Jacob Ace is on a mission to celebrate Californian youth culture
We asked four rising photographers to lens Burberry’s iconic trench coat. 18-year-old Jacob Ace took it to a local skatepark with his closest friends.
You may remember Jacob Ace as the rising star who took home the top prize of ’i-D Summer School’ last year. The 18-year-old photographer impressed us with his extensive research and exploration of his indigenous Hispanic heritage. Since then, Jacob has been honing his skills to expand his remit and, though he’s taken time off from his studies, he has continued to photograph his close circle of friends in Santa Ana, California. “With quarantine and lockdown, I had a lot of time to like, think about what I want to do and like about myself,” he explains. “I've gone on to experiment, randomly, with pictures that I've taken in the past or pictures I've just taken, and I’ve had a lot of time to really just think about my work.
Though Jacob’s work is in its nascent stage, it is mature beyond its years. It is often focused on the people around him: members of his local community and the friends he has known for years. Most of them are, like him, young people still finding their voices, trying to make a difference in the world through their art. He once again enlisted his 19-year-old friend Emilia for this project, choosing to shoot her and a handful of his pals just two streets down from his house in the local skatepark. “I always try to have models that I have a relationship with or who I'm inspired by in some way, so that it's not just like I'm taking a photo of a complete stranger,” says Jacob, who also drew on the distinct Hispanic sense of style in Santa Ana when we asked him to photograph Burberry’s iconic trench coat. “I've always been surrounded by my heritage and language and everything like that, so I guess translating that into fashion — it’s always about style.”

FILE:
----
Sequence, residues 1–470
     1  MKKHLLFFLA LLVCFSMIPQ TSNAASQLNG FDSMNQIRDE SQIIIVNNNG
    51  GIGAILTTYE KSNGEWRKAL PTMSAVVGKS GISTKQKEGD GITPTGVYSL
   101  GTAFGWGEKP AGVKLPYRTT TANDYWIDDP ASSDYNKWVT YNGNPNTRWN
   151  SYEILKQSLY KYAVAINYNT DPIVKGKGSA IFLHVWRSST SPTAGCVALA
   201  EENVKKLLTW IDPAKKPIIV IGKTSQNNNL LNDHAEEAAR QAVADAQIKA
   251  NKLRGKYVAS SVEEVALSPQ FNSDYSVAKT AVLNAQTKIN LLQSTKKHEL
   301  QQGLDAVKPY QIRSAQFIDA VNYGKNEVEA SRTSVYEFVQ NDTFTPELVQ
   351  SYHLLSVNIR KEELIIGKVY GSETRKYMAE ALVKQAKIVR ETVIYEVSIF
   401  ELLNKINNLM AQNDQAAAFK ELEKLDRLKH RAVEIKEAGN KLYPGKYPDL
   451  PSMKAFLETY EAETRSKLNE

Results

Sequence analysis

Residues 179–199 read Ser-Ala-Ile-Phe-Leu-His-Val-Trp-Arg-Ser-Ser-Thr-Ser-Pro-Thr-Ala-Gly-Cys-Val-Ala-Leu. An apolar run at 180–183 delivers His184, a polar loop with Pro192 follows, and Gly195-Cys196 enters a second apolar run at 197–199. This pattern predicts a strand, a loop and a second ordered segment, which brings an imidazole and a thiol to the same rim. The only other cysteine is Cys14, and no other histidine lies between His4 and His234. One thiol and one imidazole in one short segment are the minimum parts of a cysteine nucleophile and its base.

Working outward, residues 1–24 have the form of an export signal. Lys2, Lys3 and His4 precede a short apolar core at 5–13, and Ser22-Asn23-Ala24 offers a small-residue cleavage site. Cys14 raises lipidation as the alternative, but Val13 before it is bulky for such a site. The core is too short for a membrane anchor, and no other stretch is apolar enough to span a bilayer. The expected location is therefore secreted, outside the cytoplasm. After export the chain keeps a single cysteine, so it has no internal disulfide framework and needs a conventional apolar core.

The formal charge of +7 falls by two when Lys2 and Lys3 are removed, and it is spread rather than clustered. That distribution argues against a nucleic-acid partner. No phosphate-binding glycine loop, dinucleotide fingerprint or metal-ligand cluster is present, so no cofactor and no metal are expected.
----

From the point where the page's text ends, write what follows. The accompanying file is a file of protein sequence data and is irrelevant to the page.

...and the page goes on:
Jacob is continuing to explore collage-like layouts with his pictures, shooting on a mixture of film and cameras to evoke a sense of movement and intimacy — something that he feels is missing in the endless scrolls of images on social media. “I feel like I've only really started taking good photos this past year, because I mean, I'm 18 so I feel like I'm constantly trying to figure out what my style is, but also not trying to stress about that too much,” he adds. “I’m just trying to do what feels natural.”
Here, we caught up with Jacob to find more about how he’s bringing his unique perspective to image-making.
Hi Jacob! Can you tell us a bit more about where you live, what your surroundings mean to you?
I live in Santa Ana, California, which is like just one big bubble of Hispanic culture. I've always been surrounded by my heritage and language and everything like that, so I guess translating that into fashion — it’s always about style. Like, men in their skinny jeans and Gucci belts — I think that's really informed the way I see fashion and fashion imagery. With this project, specifically, I just wanted to take pictures of my friends, real people, and show them in expensive clothes.